At-home Nitrous Oxide May Ease Pain in Severe DEB: Case Report
At-home inhalation of nitrous oxide, a colorless gas commonly used for sedation, may help reduce pain during wound dressings in patients with severe recessive dystrophic epidermolysis bullosa (DEB), a case report shows.
For a 28-year-old man in Italy with spontaneous and frequent blisters due to severe DEB, “the beneficial effects of conscious sedation are evident,” according to the researchers, who described treating the patient with nitrous oxide given through a nasal mask.
The patient “reports a significant acute-pain reduction, reduction in anticipatory pain and anxiety before the procedure, … and less fatigue after the dressing session, which allows him to enjoy and perform multiple activities during the day,” the researchers wrote.
Additionally, for the man’s caregivers, “their burden has been significantly reduced in parallel with the reduction in patient suffering,” the team reported.
The report, titled “Procedural analgesia with nitrous oxide at home for epidermolysis bullosa: A case report,” was published in the journal Medicine.
DEB, one of the major types of epidermolysis bullosa, is characterized by very fragile skin, prone to blisters and tearing, and often associated with pain. Current pain management strategies include psychological support, along with medication and local wound care.
However, improvements in pain management are limited due to a lack of studies on the subject for EB.
In this case report, the team of researchers described the case of a DEB patient requiring daily blister treatment who used inhaled nitrous oxide, sometimes called laughing gas, at home as a pain management strategy.
He constantly developed spontaneous blisters, following skin rash and itching. His medical history showed tiny bone fractures as a result of severe osteoporosis, celiac disease — an immune reaction to eating gluten, damaging the small intestine — and a severe episode of bleeding inflammation of the blood vessels following an infection.
He underwent several surgeries to correct his hand deformities and improve hand dexterity.
Standard therapies for pain control, administered after other alternatives, had proven inadequate. Denosumab, a therapy for osteoporosis (sold as Prolia) was administered monthly.
The man also required daily treatment consisting of lancing blisters with a needle and emptying them by compression, and had an average of three full-body dressings per week. His wound care was deemed very painful, particularly in the feet and armpits.
He complained of intense burning pain during wound cleansing of such intensity that it impaired cleansing by his caregivers. As a result, the patient had anxiety before the procedure. Topical options were ineffective for pain relief.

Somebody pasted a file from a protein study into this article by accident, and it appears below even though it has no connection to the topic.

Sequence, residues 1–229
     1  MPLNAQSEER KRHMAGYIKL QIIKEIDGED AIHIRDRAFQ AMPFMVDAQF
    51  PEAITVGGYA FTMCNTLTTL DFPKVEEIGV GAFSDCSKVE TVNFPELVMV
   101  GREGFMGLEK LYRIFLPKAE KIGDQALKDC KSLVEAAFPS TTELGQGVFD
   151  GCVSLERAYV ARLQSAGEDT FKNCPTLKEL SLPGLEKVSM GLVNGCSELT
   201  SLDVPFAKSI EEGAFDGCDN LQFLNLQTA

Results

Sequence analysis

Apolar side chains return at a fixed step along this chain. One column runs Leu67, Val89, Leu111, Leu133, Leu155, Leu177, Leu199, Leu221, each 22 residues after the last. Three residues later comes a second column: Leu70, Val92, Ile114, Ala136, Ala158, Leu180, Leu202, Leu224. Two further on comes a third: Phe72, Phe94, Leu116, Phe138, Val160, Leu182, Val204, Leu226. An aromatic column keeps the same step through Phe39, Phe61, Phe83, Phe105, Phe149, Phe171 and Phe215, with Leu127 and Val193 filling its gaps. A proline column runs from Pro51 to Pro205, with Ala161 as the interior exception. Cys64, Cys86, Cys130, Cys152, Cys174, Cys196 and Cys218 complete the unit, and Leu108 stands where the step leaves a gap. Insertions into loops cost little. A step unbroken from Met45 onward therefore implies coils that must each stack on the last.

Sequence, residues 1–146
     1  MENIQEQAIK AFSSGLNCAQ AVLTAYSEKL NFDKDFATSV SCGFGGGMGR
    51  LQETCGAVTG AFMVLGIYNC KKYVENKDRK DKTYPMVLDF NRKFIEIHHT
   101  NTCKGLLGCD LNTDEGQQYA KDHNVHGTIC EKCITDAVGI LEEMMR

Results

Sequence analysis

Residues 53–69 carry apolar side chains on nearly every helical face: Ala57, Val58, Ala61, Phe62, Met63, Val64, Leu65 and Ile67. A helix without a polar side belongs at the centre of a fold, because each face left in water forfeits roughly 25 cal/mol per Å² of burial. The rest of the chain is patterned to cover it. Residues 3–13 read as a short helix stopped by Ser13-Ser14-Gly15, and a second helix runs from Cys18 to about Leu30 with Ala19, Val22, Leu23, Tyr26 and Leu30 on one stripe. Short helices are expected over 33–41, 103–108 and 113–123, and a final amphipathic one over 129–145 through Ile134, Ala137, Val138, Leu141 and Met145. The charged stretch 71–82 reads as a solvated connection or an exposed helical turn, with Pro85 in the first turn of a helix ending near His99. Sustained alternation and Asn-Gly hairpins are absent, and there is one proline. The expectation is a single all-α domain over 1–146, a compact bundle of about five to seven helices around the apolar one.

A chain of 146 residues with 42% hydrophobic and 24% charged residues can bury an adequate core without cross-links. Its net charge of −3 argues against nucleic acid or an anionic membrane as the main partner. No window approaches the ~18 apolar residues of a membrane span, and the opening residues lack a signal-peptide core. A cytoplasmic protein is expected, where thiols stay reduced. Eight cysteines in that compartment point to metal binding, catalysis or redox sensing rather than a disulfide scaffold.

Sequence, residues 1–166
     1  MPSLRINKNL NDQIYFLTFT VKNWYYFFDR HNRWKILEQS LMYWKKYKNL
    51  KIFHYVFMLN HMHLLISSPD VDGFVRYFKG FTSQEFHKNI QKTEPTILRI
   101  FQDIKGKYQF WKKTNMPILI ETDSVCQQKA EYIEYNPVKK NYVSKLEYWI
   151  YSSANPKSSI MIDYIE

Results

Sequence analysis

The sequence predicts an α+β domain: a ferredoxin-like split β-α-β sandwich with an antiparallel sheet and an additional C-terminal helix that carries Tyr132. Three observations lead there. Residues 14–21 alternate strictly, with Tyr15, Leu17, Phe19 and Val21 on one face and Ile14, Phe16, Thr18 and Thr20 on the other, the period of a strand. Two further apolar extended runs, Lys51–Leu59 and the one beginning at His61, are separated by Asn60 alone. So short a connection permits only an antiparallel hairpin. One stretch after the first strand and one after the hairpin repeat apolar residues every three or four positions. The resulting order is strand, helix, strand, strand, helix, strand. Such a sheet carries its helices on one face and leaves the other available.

Immediate-release oral morphine, which is the only form of morphine allowed in Italy to manage pain in non-cancer patients, made him feel sleepy, drowsy, or lightheaded.
As a result, the patient requested a short-acting, effective pain relief strategy that would have no side effects and minimal long-term consequences.
He started inhalation of nitrous oxide as a pain management strategy, advised by pain therapy experts. The gas was delivered using the IntelliFlux equipped with a gas mixer.
Nitrous oxide has been reported to act as a partial activator of opioid receptors, prompting pain relief.
An experienced anesthesiologist was present to supervise the first administration of the gas. The second administration was attended by a physician with airway management skills and basic life-support certification. The procedure was conducted in a room in the patient’s home, prepared in advance, that was cleaned, ventilated, and equipped with emergency devices.
The first dressing under nitrous oxide was completed in about one hour from a prior duration of 3.5–4 hours — a marked decrease of 25–40%.
Additional benefits included a significant easing of acute pain, as well as pain and anxiety reduction prior to the dressings. He also required fewer medications and was less tired.
“The domestic device allows greater flexibility of schedules, allowing less effort for caregivers,” the scientists wrote.
Medium-term benefits included a marked easing in the bad smell of wounds up to its disappearance.
The patient’s vital signs remained stable, with no episodes of low oxygen, rapid heartbeat, or low blood pressure. Pain score using the Numeric Pain Rating Scale — higher scores mean more severe pain — showed a score reduction from 10 to 1 after nitrous oxide was given.
Since nitrous oxide may deplete vitamin B12, regular follow-up was conducted to assess this vitamin’s levels as well as neurological complications. The patient received a standard multivitamin supplement daily. At the time of the study’s completion, he was performing regular daily social activities.
Overall, this case report suggests that nitrous oxide-mediated pain relief “is safe and effective, resulting in a significant reduction in procedural pain and an improvement in the quality of life of patients and their caregivers,” the investigators concluded.